The public consensus? Heard is the villain, and Depp can do no wrong – a whiplash reaction to a case that follows just five years after the accusations of Harvey Weinstein began to roll in in 2017. Since accusations against Weinstein christened the Me Too movement, droves of women have accused numerous Hollywood stars, directors, and executives of sexual harassment.
The Me Too movement granted an exception to the American principle of innocent until proven guilty. As a result of Weinstein’s abuse, every man accused in Hollywood is deemed automatically guilty in the public eye.
Just not Johnny Depp. Who knew all it would take to flip the Me Too movement on its head was to put Jack Sparrow on trial? The childhood hero is now the symbol of a renewed vision of justice—one that grants men the right to be abused too. Depp was the stone on which the Me Too movement broke because he, as the victim, is the hero.
We have a flawed view of heroes — one in which victims are heroes by sheer nature of being a victim. We’ve reduced humanity to that of predator and prey, perpetrator and victim, enemy and hero. In the artificially reduced world of oppressor versus oppressed, morality hinges on status. If you’re the oppressor, you’re wrong. And with no other variables other than perpetrator and victim, if you’re the oppressed party, then naturally you’re right.
So we find ourselves in the middle of a culture that, while preaching a gray gospel, swears a black and white nexus between victim and hero. We have divorced morality from the old sense of heroism and married it to the state of being a victim. True heroism—doing the right thing no matter the cost—is no longer an internal choice but an external byproduct of an evil perpetrated against you. Our modern conception of heroism only means absorbing a wrong done to you.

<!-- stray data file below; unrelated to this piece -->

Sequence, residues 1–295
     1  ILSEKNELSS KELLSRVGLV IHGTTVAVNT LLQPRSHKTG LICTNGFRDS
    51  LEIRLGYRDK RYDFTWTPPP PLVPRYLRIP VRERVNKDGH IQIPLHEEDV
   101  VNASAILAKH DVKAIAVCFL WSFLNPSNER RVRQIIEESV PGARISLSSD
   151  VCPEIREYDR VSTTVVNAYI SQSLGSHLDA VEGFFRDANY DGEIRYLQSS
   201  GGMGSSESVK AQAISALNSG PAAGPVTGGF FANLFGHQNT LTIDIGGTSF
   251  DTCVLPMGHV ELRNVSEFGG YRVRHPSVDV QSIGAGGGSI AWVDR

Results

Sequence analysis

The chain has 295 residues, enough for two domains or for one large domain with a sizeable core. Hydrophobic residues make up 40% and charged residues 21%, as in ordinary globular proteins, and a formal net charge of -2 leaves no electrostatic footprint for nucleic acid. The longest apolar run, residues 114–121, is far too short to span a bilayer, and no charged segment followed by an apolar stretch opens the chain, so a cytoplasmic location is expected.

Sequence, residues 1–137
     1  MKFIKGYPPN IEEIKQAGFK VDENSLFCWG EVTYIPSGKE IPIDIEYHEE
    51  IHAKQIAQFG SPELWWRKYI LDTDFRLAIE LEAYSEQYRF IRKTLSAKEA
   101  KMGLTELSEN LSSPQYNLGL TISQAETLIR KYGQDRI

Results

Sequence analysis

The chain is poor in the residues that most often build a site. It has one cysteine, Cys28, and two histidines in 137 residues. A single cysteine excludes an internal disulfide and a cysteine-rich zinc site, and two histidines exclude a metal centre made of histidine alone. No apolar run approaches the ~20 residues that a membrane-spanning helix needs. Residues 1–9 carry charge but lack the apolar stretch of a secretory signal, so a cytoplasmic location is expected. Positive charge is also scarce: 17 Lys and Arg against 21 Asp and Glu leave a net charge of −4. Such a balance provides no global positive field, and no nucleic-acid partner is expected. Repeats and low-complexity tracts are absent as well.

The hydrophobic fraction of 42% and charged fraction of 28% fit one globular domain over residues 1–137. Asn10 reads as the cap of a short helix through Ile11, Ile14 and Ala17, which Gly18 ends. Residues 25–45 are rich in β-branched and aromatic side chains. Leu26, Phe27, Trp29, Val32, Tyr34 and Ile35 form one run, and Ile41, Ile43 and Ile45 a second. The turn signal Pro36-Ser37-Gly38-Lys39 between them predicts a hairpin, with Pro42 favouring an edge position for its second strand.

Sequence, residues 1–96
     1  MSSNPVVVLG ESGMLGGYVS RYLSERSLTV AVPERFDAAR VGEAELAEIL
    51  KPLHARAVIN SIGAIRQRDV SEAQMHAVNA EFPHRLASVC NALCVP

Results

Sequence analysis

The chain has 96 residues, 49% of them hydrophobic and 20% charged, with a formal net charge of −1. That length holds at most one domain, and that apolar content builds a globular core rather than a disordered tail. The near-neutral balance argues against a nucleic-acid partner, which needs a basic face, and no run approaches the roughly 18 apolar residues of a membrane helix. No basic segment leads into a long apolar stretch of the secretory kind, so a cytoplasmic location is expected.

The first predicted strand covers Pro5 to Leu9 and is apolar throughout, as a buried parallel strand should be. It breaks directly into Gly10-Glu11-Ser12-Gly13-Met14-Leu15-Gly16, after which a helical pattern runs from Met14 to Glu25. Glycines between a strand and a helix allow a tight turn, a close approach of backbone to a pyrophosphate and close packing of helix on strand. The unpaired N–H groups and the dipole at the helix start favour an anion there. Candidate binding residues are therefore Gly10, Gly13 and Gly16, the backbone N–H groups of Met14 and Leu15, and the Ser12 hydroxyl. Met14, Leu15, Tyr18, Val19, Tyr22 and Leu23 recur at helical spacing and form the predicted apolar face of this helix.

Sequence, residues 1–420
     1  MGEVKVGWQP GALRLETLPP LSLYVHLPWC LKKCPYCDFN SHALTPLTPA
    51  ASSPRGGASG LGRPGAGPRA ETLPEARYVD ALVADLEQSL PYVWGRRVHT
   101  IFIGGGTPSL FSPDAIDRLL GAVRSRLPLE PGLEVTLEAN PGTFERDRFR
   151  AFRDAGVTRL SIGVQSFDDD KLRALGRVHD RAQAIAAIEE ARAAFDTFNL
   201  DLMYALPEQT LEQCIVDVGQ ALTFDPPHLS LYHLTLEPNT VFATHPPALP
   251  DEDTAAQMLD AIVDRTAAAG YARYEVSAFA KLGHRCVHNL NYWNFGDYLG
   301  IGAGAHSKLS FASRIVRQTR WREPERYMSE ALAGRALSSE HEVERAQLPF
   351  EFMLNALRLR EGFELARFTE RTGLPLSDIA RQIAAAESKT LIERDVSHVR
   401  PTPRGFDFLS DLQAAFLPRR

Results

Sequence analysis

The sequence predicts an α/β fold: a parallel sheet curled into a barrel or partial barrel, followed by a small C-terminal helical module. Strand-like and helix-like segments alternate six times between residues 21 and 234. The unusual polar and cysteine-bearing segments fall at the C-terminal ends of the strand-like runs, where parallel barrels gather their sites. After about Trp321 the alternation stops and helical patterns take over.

This critical race theory tenet that the world revolves around the axis of retribution and oppressor versus oppressed is so embedded in our thinking as to give us the Me Too movement and the public rage against Heard. If Depp is the hero because he is the true victim, then the one oppressing him is the true anti-hero. Heard is now public enemy number one. (Behind Donald Trump, of course.)
The Me Too movement seeks to give women a voice by glorifying the victim—but when we make our victims heroes, we have counterfeited heroism. All of a sudden, the victimized is by nature the virtuous. So we get America’s latest fake hero, Johnny Depp.
Well, many recordings, text messages, and videos that demonstrate Depp isn’t all that virtuous. In Chew’s words in his Friday closing, “Mr. Depp is no saint, and he has never claimed to be one.”
In fact, his virtuosity is the opposite of what his case proves. He calls his wife vile names, using explicative upon explicative, beating up cabinets when he’s drunk. He takes opioids with abandon and drinks himself asleep.
And yet the public idolizes him. Their worship of Depp for externals—his story of abuse, his humorous quips, and Heard’s lackluster defense—underscores the frivolity and subjectivity with which we assign our heroes.
Either the public needs no saint on their throne, or they believe Depp is one. I don’t know which is scarier.
Beth Whitehead is an intern at The Federalist and a journalism major at Patrick Henry College where she fondly excuses the excess amount of coffee she drinks as an occupational hazard.